Innovation in aviation to green the industry
Aerospace pioneers are using buoyancy control and electric propulsion to advance the use of green technologies. Idha Valeur reports.
The aviation industry is working to address its poor environmental credentials and several projects are ongoing to partially or fully use energy-saving approaches. Carbon emission reduction is coming from several areas, include increasing the efficiency of existing engines and using biofuels as opposed to fossil fuels, but there is also promising research in the field of all-electric aircrafts.
One such project is a collaboration to achieve zero-carbon aviation by Hybrid Air Vehicles (HAV), Collins Aerospace and the University of Nottingham, UK. Following a grant of around £1mln for a three-year programme from UK Aerospace Research and Technology Programme, the group is building electric propulsors for the world’s largest aircraft, the blimp-aeroplane concept, Airlander 10.
Airlander 10 is being designed as a luxury commercial craft. But it is also suitable for the defence and cargo markets as it doesn’t require much fixed infrastructure and can operate without a runway.
The project, called E-HAV1, will create and deliver a full-size prototype of a 500kW electric propulsor for ground testing, with fully developed technologies ready for future production. It is hoped the design can reach the stage where the conventional engines can be replaced with electric-powered ones while retaining the same capabilities.
‘An aircraft like Airlander, with its large available payload and piston engines, is suited to adopting electric engine technology. We can potentially adopt battery technology earlier than other aircraft types which are more weight-sensitive,’ Hybrid Air Vehicles Media and Communications Manager, Rebecca Zeitlin, told Materials World.
‘In addition, we will be able to include technologies like photovoltaic cells as they become available to eventually achieve zero-carbon flight.’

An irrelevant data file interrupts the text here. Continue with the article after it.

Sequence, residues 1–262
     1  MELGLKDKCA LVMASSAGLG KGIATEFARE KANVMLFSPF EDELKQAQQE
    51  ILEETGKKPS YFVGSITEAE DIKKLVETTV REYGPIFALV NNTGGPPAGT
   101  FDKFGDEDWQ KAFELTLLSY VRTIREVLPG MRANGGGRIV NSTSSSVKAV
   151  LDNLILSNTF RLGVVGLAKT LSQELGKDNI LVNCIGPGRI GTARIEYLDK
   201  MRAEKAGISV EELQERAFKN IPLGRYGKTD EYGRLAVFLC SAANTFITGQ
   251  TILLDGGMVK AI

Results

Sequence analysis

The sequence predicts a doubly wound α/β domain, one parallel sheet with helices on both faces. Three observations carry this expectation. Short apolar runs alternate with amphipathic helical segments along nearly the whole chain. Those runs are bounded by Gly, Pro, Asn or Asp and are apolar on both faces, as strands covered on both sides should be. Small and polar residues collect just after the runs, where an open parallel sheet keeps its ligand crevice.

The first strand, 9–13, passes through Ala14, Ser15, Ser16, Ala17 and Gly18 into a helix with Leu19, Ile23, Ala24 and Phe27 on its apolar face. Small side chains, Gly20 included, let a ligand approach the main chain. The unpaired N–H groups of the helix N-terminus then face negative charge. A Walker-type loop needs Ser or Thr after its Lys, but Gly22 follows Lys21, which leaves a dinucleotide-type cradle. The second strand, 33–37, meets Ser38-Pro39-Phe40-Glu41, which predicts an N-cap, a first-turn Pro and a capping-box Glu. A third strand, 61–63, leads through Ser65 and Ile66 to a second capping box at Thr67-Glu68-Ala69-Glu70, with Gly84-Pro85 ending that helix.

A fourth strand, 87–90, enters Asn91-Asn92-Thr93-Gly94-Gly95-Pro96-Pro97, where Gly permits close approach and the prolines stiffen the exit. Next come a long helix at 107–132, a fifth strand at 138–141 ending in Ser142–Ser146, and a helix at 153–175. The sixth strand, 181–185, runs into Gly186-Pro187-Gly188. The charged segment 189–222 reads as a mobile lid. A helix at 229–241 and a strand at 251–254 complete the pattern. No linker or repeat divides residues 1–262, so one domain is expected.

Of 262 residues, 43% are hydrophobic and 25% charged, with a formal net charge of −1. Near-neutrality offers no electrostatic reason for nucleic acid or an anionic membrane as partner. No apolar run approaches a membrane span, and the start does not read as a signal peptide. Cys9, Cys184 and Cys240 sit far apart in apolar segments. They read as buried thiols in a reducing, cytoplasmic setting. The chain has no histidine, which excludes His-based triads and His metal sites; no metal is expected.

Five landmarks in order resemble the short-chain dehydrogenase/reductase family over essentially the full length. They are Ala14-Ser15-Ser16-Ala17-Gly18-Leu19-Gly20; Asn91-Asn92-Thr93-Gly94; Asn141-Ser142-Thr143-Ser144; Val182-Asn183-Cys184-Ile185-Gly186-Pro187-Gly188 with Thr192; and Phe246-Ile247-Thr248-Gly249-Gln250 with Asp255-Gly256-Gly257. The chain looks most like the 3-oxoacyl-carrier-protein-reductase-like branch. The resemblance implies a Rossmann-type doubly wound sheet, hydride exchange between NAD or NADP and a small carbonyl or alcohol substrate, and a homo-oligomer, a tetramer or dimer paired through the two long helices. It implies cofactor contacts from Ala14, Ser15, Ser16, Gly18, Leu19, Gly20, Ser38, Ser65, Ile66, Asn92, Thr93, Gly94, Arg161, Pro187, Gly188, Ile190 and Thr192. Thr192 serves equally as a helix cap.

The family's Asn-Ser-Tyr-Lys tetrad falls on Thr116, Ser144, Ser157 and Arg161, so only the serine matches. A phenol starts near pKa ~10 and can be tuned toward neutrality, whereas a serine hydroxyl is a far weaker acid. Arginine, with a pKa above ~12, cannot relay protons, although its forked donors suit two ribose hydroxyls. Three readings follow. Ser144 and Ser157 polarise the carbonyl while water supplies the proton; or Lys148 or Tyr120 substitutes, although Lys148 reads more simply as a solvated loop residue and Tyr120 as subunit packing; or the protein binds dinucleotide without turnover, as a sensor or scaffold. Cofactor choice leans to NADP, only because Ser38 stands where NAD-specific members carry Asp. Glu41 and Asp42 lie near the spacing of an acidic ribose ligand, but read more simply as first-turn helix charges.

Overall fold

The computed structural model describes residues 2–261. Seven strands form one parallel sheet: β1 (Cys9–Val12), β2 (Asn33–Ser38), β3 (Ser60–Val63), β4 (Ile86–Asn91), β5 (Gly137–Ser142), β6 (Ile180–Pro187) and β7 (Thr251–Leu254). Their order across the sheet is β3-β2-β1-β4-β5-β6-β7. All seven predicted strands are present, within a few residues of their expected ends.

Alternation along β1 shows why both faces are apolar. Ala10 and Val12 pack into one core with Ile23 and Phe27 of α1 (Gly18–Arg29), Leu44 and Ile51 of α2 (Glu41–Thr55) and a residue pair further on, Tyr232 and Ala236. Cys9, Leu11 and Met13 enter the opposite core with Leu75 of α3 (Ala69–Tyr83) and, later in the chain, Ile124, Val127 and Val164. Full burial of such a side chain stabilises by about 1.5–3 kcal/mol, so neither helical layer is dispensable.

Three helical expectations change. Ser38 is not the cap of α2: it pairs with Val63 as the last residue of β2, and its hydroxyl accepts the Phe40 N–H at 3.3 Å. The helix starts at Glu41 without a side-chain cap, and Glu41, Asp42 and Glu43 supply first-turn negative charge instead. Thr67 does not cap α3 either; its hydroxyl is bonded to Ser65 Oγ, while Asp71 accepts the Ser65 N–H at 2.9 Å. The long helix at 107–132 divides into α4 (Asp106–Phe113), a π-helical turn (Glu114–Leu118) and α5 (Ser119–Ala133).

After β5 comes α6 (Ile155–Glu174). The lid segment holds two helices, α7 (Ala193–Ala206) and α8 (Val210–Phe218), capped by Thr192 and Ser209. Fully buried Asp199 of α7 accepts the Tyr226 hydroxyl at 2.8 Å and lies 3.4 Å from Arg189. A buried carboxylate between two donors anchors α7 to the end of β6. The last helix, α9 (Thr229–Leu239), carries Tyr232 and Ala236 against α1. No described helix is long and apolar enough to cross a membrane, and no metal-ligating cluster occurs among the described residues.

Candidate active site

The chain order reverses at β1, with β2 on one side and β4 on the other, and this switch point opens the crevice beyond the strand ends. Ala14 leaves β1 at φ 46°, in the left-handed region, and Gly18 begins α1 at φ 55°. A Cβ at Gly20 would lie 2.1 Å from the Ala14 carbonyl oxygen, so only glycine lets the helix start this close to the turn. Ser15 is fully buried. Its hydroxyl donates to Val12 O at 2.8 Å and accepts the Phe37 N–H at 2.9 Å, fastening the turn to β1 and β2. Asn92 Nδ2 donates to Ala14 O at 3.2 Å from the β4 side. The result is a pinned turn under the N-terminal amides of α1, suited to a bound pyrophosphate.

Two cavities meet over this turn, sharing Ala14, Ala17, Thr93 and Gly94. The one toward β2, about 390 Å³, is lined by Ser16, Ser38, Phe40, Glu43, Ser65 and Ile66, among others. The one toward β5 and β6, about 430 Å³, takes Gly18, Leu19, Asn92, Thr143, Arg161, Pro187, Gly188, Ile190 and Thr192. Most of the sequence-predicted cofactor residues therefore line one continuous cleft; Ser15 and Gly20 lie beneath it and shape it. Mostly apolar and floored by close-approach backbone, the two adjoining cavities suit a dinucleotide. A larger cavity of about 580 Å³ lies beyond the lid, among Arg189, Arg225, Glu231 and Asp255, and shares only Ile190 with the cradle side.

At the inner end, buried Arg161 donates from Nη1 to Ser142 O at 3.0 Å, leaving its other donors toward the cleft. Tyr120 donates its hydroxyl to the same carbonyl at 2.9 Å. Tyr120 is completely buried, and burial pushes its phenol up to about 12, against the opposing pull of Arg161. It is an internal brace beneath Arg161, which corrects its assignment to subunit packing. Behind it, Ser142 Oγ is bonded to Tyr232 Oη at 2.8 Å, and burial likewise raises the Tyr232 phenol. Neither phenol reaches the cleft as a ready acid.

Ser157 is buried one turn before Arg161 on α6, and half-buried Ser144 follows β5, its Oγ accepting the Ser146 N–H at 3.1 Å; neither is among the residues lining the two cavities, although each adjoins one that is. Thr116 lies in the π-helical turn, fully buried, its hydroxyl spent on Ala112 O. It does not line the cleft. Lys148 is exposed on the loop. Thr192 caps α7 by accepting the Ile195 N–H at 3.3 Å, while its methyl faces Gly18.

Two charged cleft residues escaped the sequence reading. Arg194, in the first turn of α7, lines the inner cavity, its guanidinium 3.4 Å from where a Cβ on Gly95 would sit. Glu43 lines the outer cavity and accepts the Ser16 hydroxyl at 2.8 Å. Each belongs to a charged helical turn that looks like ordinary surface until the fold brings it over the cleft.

Each project partner is working on a different aspect. Collins Aerospace will develop the electric motor, the University of Nottingham will supply the power electronics and motor drive, and HAV will perform the integration. The company previously defined the specification of the engine and provided the initial commercial application of the technology.
Airlander 10 is claimed to be more energy-efficient than other fuel-burning aircrafts. By combining buoyant lift from helium, aerodynamic lift and vectored thrust, the aircraft is able to run with less fuel than an equivalent conventional model.
‘We use this quality to offset most of the weight of the aircraft. As a result, less engine thrust is required to move the aircraft forward to generate aerodynamic lift to keep the aircraft airborne. [This] makes it especially suited to adopting electric engines,’ Zeitlin said.
HAV emphasised that engines currently in development are 100% electric-powered. When finished, the team will use them to replace two of four existing fuel-burning engines, making the aircraft hybrid-electric. Then they will replace the remaining two engines, resulting in an all-electric aircraft.
Like a fish
Another UK-based team experimenting with buoyancy is a team of universities and private companies, led by Andrew Rae from the University of Highlands and Islands Perth College, Scotland, UK.
The prototype, Phoenix, completed its first indoor flight of 120m in March 2019. The aircraft measures 15m-long with a 10.5m-wide wingspan and has solar panels mounted on the exterior.
Similar to how a fish swim bladder enables it to generate thrust by switching between being lighter and heavier than water, the Phoenix uses comparable technologies to stay afloat in the air.
‘The Phoenix spends half its time as a heavier-than-air aeroplane, the other as a lighter-than-air balloon. The repeated transition between these states provides the sole source of propulsion,’ said Rae. ‘The vehicle’s fuselage contains helium to allow it to ascend and also contains an airbag which inhales and compresses air to enable the craft to descend. This motion propels the aeroplane forwards and is assisted by the release of the compressed air through a rear vent.’
This system effectively makes the Phoenix energy self-sufficient as the battery is charged by the solar cells on the wings to power the aircraft’s pumps and valves.
Moving forward, the goal is for the Phoenix to fly at 20,000m in altitude and stay afloat for several days, using only power generated by the solar panels.